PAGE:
On a slightly different angle, it’s the same with instrumental music. If you learned, (or in my case, forced to learn) to play the piano in Vietnam, you’d come to hate the Prince of Romance, namely Richard Clayderman. To be fair, I do think his songs are great. Until they are played every-effing-where, all the effing time, driving me so very effing nuts! (Excuse the French, haha, pun intended. He’s French, after all, a very good looking one at that, too.) I remember getting to a stage where if anyone asked me to play one of his songs, I had the sudden urge to either poke myself in the eyes or clam my fingers under the piano lid. Just to get out of that misery. There’s also Paul Mauriat, who composed similar kind of tunes, and transcribed a good many classical songs into, er.., easiER listening numbers, and partly contributed to my eye-poking and finger-clamming reflexes.

Much to my glee, a few years back, Mr. Clayderman was slowly replaced by Yanni The Sexy Greek (have you seen his full moustache?) to be the most-played music at all fashion shows, music shows, TV programs, radio commercials, outdoor, indoor, ubiquitously. But then I shouldn’t have been so smug because soon enough, it again got to a point where I was like, “if I have to hear “Santorini” one more time, I’d proceed to break my own eardrums! Someone get me a chopstick quick!” For your info, this was while I wasn’t even living in Vietnam, only visiting every year or so. Although these days, my musical radar has reported that a certain Yiruma is taking the little Annam country by storm. He is, apparently, the new Clayderman. Time to move over, Yanni, and take your sheet music away too, won’t you? Also, I do think that George Winston has been dubbed as the new Paul Mauriat for a while now, and no one has yet to claim his place. Any suggestion for new nominations?

But after all that ranting, I need to stress again, that I do love their music, light, airy, fluffy, or otherwise. I don’t condone music snobbery, or any other kind of snobbery for that matter. There is a place and time for everything. My problem is when it’s played repeatedly, day in, day out, driving everyone to the point of insanity! (Which is actually not that much different to commercial radio these days.) It makes us lazy, less creative, and *gasp* boring! So one day, out of mind-numbing boredom, I went and got myself some Bach and some Grieg, and after 30 minutes of practise, Dad came down the stairs with a puzzled look on his face, “What is it that you’re playing? It’s so noisy!”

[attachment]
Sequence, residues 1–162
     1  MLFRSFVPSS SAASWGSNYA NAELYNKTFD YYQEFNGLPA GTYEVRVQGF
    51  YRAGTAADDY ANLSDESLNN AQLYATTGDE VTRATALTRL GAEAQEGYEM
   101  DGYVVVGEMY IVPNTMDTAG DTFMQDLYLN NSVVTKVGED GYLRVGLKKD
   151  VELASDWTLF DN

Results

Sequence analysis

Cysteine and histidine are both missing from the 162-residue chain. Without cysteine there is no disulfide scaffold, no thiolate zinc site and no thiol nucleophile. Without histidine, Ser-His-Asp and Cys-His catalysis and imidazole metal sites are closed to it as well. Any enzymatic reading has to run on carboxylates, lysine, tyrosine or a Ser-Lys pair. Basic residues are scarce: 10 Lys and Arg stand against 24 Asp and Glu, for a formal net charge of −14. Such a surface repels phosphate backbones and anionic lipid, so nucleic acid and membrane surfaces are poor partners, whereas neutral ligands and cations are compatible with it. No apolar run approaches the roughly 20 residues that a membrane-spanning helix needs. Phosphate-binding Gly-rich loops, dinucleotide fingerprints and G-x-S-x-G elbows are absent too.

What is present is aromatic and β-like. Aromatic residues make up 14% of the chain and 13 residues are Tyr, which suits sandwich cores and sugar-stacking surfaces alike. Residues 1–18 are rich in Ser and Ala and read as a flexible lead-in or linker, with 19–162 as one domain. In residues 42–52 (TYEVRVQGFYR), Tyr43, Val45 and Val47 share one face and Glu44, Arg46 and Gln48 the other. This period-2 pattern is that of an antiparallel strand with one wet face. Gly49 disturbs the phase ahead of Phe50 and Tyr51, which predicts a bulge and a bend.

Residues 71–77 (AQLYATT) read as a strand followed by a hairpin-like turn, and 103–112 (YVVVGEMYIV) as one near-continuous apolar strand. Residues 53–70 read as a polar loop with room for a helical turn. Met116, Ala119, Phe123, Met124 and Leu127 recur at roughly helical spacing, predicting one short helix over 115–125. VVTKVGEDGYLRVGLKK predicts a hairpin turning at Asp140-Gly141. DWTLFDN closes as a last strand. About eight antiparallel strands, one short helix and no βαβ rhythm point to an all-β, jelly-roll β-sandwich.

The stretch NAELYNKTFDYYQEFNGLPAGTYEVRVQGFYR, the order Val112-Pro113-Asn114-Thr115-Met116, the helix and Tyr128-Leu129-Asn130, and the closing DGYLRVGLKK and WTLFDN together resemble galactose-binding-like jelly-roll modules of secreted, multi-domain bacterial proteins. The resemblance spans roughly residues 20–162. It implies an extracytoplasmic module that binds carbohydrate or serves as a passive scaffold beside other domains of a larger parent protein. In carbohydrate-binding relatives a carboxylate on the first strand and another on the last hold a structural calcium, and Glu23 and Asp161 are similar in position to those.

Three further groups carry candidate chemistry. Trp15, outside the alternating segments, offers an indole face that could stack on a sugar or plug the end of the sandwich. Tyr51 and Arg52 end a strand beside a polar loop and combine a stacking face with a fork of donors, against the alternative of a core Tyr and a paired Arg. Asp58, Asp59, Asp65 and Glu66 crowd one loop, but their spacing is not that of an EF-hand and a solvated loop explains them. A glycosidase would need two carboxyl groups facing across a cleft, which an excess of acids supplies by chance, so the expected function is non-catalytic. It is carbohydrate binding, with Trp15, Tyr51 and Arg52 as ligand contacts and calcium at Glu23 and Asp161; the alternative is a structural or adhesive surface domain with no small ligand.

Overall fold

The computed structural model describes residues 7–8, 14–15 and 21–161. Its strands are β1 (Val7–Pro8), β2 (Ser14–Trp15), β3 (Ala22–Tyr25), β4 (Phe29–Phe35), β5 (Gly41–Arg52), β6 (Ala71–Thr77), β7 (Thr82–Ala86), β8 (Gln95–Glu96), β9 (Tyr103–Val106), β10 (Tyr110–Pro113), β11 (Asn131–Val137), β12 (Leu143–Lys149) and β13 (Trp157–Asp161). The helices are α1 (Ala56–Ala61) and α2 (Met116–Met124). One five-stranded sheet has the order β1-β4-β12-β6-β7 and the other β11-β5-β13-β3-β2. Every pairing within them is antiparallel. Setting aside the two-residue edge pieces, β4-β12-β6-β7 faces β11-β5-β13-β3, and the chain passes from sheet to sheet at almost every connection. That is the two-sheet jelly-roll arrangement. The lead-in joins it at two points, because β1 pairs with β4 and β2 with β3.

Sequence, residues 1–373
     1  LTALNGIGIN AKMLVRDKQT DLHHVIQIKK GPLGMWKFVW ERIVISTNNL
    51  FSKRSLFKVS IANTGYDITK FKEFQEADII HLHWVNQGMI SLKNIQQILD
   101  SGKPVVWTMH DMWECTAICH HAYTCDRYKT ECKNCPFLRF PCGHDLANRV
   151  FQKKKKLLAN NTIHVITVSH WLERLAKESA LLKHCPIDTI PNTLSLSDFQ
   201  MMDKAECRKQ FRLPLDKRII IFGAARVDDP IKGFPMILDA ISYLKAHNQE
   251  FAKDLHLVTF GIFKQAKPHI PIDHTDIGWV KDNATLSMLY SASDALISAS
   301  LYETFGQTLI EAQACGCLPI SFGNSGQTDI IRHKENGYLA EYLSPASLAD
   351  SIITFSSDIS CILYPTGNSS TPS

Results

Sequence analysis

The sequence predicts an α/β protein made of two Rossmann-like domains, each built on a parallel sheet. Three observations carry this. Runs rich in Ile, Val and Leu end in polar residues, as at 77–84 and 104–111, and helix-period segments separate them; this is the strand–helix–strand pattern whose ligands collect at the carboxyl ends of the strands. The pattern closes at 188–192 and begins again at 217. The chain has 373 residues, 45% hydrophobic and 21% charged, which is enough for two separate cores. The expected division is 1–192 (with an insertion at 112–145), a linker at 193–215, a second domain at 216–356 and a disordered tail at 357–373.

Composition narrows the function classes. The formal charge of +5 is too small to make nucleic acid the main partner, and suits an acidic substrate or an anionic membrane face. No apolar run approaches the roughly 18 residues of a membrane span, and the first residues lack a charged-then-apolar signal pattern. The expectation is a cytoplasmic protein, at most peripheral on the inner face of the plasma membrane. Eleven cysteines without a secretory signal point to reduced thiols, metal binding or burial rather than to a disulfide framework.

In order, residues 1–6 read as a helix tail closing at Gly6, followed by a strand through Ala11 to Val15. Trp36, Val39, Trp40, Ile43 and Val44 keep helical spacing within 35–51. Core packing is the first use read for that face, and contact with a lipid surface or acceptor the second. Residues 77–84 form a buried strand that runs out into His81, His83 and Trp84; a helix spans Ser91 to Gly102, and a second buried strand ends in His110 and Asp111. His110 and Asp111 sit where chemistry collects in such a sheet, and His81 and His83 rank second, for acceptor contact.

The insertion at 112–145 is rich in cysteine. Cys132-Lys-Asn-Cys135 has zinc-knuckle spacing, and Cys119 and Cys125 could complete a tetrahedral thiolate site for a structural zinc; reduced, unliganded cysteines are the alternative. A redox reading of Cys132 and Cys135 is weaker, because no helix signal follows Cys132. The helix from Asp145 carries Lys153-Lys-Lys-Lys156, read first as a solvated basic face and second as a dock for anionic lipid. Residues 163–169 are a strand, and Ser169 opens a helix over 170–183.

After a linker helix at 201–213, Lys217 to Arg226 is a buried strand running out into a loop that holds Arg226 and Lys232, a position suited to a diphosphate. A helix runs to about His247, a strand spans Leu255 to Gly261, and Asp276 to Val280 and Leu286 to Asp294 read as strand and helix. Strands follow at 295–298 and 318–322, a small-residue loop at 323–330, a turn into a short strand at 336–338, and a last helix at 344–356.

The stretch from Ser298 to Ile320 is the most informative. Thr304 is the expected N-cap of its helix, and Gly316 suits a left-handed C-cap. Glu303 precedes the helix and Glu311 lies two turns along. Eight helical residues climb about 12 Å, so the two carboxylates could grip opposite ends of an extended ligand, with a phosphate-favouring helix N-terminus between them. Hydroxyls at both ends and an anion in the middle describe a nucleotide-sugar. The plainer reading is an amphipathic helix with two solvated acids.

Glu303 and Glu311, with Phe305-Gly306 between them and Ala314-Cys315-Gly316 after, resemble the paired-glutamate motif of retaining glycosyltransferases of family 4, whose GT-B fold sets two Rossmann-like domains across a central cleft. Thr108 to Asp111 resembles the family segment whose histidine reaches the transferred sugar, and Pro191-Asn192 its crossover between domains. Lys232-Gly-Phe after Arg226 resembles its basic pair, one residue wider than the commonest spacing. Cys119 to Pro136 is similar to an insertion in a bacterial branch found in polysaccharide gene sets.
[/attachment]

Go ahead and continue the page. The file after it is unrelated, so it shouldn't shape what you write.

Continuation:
So it’s back to the French man for me. I guess when I’m home with the folks, Anitra* really has no place, stuff her dance! It’s all about Adeline** and her flippin’ ballad.

 ~amy: a wannabe pianist who has the amazing ability to turn even a drippingly romantic Clayderman’s number into one of the most noisy, cacophonous, and soul-shattering torture sessions!~

* Anitra’s Dance ~ Edvard Grieg (not piano but this version is nice.)

** Ballade Pour Adeline ~ Richard Clayderman (and the man himself is still so freakin’ cute!)

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2 thoughts on “The “Are you a real Vietnamese?” test

  1. The reason the Vietnamese love all these 80’s bands is because they have taste. And nothing being mass produced by the record companies these days comes close to the awesome cheesetastiness of the likes of Air Supply.